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RBC | You know things are going downhill quickly when you find yourself hiding from the dog. Everywhere we go, inside and out, he has to go too. He is suddenly needy. He isn’t used to our being inside the confines of home, all day, everyday-neither are we.
Our chocolate Lab, Max, exhibited the traits of affability and friendliness from the very beginning. Everyone who got to know him would advise us that he would be sure to settle down a bit by age 3. His fourth birthday is fast approaching and he remains a puppy at heart.
If there was a class yearbook from his mates at his early training sessions, he would be mentioned as the friendliest. But he has gone far beyond the limits for sociability. So now Max is spending his days inside doing what he enjoys most. Staying in place right next to us, too close for anyone’s comfort.
Venturing outside with him can be a health hazard. He bolts suddenly. Hoping beyond hope that he will discover a true companion, barely glimpsed from quite a distance, will cause him to yank on the leash or try to twist. During this time of social distancing, he won’t let anyone pass by on his daily walks without pulling one of us over to say hello. That becomes a problem, as he cannot stay six feet away. The even bigger problem is that if he cannot pass up an opportunity to make some new friends, we can’t either. I might fine myself skidding behind him until the six foot circle of doom has been breached. New friends turn out to be new enemies.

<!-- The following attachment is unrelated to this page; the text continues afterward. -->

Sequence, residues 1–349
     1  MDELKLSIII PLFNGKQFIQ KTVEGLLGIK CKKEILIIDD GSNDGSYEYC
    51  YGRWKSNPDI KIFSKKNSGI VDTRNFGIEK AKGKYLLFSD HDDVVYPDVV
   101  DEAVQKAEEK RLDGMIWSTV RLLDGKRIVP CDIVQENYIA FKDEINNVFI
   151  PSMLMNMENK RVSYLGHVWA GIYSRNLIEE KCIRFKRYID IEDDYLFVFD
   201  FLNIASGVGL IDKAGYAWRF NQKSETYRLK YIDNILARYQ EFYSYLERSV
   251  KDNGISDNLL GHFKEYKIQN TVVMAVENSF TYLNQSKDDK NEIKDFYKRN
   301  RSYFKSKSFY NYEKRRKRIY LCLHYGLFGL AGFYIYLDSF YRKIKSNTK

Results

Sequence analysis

During the years of having our dogs stay in place while we were working and the kids were in school, we learned the lessons of letting them roam around in the fenced backyard unattended. They escaped. I think they figured if no one was going to stay home and keep them company, they needed to explore the outside world.
While staying home and practicing the art of social distancing when we do go out, we all are beginning to go stir crazy. Maybe some of us need to learn a lesson from our homebound best friends. Forget that the canine companion is acting a little needy. It could be that the constant ploy for attention can act as a diversion for our own need to get out and be with our family and friends. Working on dog training tricks might teach us how to be more comfortable with our own inability to not go out and socialize.
You know the drill. Just… Stay… Home. It will continue to do us all a world of good.
By DOLLY VISCARDI | Special to the Herald Times